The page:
Wow is chicken little talkin' shit!Yes,the Japanese never knew defeat untill the emperor of a nation of sun worshippers was awoken with the news that the Americans made the sun rise twice.What chicken is not grasping is that yes the japanese are completly different from us,that's why they will not see thier face-saving measure of reporting terrible y2k progress as they wish it would be as lying.I'm not a tech,but I am getting my BA in asian studies with my minor in Buddhist studies so perhaps I do have some meager understanding of how asians think.

-- zoobie (zoobiezoob@yahoo.com), September 04, 1999.

No Zoobie, what you have is a TEXTBOOK education, which means jack in the real world. Go over to Japan with th attitude of "I think I know what is going on" and you will be laughed out of the room faster than your head can spin. Until you work with them, you don't know squat. Why do I know this? Because, like you, I thought I knew them. Then I workwed with them.

-- works with them daily (keep@dreaming.com), September 05, 1999.

I wonder where this "real world"in which you live is?Still,thanks for the cliche.

-- zoobie (zoobiezoob@yahoo.com), September 05, 1999.

I live in the Midwest for what it matters, but have daily contact via e-mail, phone and fax with them along with face to face meets when the need arises.

-- works with them daily (keep@dreaming.com), September 06, 1999.

wow,and you consider the midwest the "real world"??

-- zoobie (zoobiezoob@yahoo.com), September 11, 1999.

Chicken said:

They'll get Y2k solved. Failure is disgrace in Japanese business culture, with consequences that far outstrip the consequences of business failure in Western culture.

Chicken, there are 100 people a day committing suicide in Japan because of the economic crisis. How come they didn't "solve" that? Huh?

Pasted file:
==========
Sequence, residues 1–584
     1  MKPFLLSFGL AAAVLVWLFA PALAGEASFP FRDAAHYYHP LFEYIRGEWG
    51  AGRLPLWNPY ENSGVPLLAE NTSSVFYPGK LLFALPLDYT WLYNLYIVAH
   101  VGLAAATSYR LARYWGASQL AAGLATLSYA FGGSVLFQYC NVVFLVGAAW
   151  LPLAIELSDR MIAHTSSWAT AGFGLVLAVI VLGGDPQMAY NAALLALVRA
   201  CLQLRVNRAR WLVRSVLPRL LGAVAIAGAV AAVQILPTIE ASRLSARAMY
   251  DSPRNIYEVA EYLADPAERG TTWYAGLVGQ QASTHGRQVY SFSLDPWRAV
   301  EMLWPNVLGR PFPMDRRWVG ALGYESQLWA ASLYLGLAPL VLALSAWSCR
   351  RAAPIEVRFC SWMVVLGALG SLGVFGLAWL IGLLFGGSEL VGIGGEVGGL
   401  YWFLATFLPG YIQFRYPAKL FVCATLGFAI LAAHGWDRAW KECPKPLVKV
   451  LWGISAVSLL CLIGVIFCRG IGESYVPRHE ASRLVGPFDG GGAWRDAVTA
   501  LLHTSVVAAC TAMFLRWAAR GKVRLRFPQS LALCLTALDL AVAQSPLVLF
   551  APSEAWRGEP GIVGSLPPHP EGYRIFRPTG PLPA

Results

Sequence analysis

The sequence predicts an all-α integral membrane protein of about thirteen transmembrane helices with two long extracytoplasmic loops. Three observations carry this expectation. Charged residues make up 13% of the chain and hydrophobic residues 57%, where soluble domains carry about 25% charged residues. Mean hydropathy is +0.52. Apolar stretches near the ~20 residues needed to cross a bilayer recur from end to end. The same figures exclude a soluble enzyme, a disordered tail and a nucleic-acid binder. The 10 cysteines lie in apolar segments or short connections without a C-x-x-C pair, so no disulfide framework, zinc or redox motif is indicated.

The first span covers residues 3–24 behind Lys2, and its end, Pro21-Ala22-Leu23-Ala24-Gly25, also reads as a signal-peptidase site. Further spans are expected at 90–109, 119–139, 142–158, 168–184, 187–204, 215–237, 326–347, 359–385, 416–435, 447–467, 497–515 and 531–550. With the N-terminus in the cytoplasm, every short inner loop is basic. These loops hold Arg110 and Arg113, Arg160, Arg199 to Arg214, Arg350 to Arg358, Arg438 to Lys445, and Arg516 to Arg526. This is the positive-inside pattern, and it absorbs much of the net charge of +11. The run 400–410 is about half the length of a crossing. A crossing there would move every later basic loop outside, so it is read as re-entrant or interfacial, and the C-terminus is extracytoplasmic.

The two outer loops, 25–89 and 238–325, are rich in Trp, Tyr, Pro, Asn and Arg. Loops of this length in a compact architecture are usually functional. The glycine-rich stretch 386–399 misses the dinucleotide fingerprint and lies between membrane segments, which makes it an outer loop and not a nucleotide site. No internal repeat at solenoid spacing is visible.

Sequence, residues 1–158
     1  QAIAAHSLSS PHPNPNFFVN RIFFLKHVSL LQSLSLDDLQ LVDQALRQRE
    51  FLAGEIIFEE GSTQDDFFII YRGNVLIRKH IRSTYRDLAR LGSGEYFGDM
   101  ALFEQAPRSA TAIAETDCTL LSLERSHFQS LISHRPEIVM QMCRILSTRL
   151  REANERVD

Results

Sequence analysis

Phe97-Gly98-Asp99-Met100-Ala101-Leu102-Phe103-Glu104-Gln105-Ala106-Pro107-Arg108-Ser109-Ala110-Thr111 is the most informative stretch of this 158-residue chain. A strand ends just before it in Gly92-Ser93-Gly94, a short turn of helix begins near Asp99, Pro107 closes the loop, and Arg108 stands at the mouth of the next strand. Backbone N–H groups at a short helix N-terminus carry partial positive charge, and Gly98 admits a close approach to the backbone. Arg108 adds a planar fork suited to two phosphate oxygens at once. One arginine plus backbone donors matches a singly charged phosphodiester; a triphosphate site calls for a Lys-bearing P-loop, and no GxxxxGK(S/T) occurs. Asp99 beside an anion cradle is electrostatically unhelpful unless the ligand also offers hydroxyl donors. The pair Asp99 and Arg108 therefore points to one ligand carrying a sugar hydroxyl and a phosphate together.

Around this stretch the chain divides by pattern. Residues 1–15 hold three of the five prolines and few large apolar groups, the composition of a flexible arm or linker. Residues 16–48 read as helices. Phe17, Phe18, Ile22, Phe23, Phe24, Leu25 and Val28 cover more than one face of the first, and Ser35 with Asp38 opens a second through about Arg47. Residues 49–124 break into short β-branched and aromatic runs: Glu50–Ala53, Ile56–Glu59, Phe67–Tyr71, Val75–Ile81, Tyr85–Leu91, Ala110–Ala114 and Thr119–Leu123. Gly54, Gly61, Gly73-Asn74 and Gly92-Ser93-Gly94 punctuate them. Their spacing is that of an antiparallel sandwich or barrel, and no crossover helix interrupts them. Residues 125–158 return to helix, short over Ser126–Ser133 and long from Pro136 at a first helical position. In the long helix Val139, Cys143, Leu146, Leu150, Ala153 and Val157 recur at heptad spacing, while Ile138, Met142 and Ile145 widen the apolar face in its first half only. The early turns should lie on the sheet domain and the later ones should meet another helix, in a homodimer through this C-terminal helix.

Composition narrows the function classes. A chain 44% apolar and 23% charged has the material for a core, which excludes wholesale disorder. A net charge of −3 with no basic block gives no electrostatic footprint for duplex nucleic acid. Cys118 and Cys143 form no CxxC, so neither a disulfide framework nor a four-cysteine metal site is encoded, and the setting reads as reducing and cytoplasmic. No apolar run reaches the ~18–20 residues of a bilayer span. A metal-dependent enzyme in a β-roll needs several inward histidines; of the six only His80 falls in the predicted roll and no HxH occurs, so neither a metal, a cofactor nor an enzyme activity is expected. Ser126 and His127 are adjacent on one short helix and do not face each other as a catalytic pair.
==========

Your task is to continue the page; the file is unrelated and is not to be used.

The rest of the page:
I find it very hard to believe that a country that forgot to check PCs now has a banking industry thats 97% done. Back in Fall 98, Gartner and Cap Gemini put Japan one year behind US in remediation. Something doesn't jive.

-- a (a@a.a), September 11, 1999.

The fall of 1998 is not today. I've got some good news and some bad news...

The good news (for me and you) is that Japan is on par with the U.S. in remediation. The bad news (for me and you) is that Japan will be better prepared than the U.S. by January and beyond.

You probably fell out of your chair, didn't you? I can imagine many of you furiously attacking your keyboards with your heart rate elevated to the stratosphere and your faces flush with resentment at such a preposterous statement...

[A side note: One hundred people per day are not committing suicide "because of the economic crisis." The Japanese suicide success rate has always been higher than the U.S. The Japanese rate has gone up about 8% probably because of the economic problems, but the suicide success rate has always been higher than the U.S.

A higher percentage of Americans attempt suicide, but only one out of seven attempts are "successful." I guess you could say the Japanese are more efficient at suicide.

By the same token, we could say that Americans are murdering each other at a rate of well over 100 per day because of the "(Fill in the blank) crisis." There are only about 100 murders per year in Japan. That's not even a "good" day in the U.S.]

Now back to y2k - The PC boom in Japan began in 1996 and Japanese companies upgrade hardware and software more quickly than U.S. companies. You have to really search to find business PC's more than 2 years old. I've seen a few, but not many.